In United States v. Cantu, the Tenth Circuit held that Mr. Cantu's prior convictions for Oklahoma drug offenses were not ACCA predicates. This was because Oklahoma defines "controlled dangerous substances" more broadly than the ACCA defines controlled substances. The Tenth Circuit rejected the government's argument that the Oklahoma statute is divisible as to each controlled substance. The takeaway? First, read Cantu to learn how divisibility works. Second, always review the statutes underlying your client's prior drug convictions. If, at the time of your client's prior offense, those statutes covered drugs not covered by federal law, you may have a good argument that your client's prior conviction is not a sentence-enhancement predicate.

Thursday, July 9, 2020

Which gun with which offense?

A person convicted of a drug crime with a mandatory minimum is eligible for the safety valve--and thus freed from the mandatory minimum--if, among other requirements, he did not "possess a firearm or other dangerous weapon. . . in connection with the offense." 18 U.S.C. § 3553(f). In United States v. Hodgkiss, the Eighth Circuit held that “the offense” strictly means the offense of conviction, and does not include relevant conduct. In Hodgkiss, the defendant pleaded guilty to a drug-trafficking offense in April 2018 that did not involve a gun, and also pleaded to possessing a weapon during a different drug-trafficking offense two months later. The court held that the defendant did not possess the gun in connection with the April 2018 drug-trafficking offense he was convicted of, even if both episodes were part of the same relevant conduct for sentencing guideline purposes.

Although it doesn't appear that the Tenth Circuit has addressed this statutory-interpretation question directly, this holding is consistent with what the Tenth Circuit has said. For example, in United States v. Hargrove, 911 F.3d 1306, 1328 (10th Cir. 2019), the court emphasized that for the safety-valve requirements, possession of a weapon does not include a codefendant's weapon, and means an "active possession whereby there is a close connection linking the individual defendant, the weapon and the offense.”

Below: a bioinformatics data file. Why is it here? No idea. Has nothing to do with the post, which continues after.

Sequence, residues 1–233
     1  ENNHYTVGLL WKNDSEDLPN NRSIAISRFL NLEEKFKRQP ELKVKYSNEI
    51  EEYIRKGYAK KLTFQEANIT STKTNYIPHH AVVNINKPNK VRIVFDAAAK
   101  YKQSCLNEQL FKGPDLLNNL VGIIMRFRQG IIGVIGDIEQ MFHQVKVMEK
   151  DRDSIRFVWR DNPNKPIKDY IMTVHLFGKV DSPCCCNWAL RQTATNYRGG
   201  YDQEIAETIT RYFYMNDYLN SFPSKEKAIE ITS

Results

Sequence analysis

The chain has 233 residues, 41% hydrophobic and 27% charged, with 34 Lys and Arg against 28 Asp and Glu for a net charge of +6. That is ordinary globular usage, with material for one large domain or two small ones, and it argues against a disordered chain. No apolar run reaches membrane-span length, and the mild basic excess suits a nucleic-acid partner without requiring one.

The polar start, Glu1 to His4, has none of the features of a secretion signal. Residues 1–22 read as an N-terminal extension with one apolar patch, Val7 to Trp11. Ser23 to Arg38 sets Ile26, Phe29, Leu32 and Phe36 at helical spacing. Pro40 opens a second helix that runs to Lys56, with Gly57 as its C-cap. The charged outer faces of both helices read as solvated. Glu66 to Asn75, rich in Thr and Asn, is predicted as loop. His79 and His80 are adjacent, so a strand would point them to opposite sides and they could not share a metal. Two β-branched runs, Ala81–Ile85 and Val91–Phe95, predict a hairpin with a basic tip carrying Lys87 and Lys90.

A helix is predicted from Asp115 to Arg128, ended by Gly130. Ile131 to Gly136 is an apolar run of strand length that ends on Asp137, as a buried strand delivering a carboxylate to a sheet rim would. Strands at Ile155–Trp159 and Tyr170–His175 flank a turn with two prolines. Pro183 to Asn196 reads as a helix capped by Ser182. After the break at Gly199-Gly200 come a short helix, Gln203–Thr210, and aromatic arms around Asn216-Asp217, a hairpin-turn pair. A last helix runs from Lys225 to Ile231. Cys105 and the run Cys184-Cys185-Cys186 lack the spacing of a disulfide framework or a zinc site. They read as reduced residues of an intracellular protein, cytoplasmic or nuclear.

Thursday, July 2, 2020


In honor of Independence Day, we offer the words of Frederick Douglass, excerpted from his 1852 speech to the Rochester Ladies' Anti-Slavery Society: "What To The Slave Is The Fourth Of July?"

1852) Frederick Douglass, "What, To The Slave, Is The Fourth Of ...Feeling themselves harshly and unjustly treated by the home government, your fathers, like men of honesty, and men of spirit, earnestly sought redress. They petitioned and remonstrated; they did so in a decorous, respectful, and loyal manner. Their conduct was wholly unexceptionable. This, however, did not answer the purpose. They saw themselves treated with sovereign indifference, coldness and scorn. Yet they persevered. They were not the men to look back.
As the sheet anchor takes a firmer hold, when the ship is tossed by the storm, so did the cause of your fathers grow stronger, as it breasted the chilling blasts of kingly displeasure. The greatest and best of British statesmen admitted its justice, and the loftiest eloquence of the British Senate came to its support. But, with that blindness which seems to be the unvarying characteristic of tyrants, since Pharaoh and his hosts were drowned in the Red Sea, the British Government persisted in the exactions complained of.
The madness of this course, we believe, is admitted now, even by England; but we  fear the lesson is wholly lost on our present ruler.
* * *
What, to the American slave, is your 4th of July? I answer: a day that reveals to him, more than all other days in the year, the gross injustice and cruelty to which he is the constant victim. To him, your celebration is a sham; your boasted liberty, an unholy license; your national greatness, swelling vanity; your sounds of rejoicing are empty and heartless; your denunciations of tyrants, brass fronted impudence; your shouts of liberty and equality, hollow mockery; your prayers and hymns, your sermons and thanksgivings, with all your religious parade, and solemnity, are, to him, mere bombast, fraud, deception, impiety, and hypocrisy — a thin veil to cover up crimes which would disgrace a nation of savages. There is not a nation on the earth guilty of practices, more shocking and bloody, than are the people of these United States, at this very hour. 
* * *
Fellow-citizens! there is no matter in respect to which, the people of the North have allowed themselves to be so ruinously imposed upon, as that of the pro-slavery character of the Constitution. In that instrument I hold there is neither warrant, license, nor sanction of the hateful thing; but, interpreted as it ought to be interpreted, the Constitution is a GLORIOUS LIBERTY DOCUMENT.

Read the entire speech here. And have a safe holiday.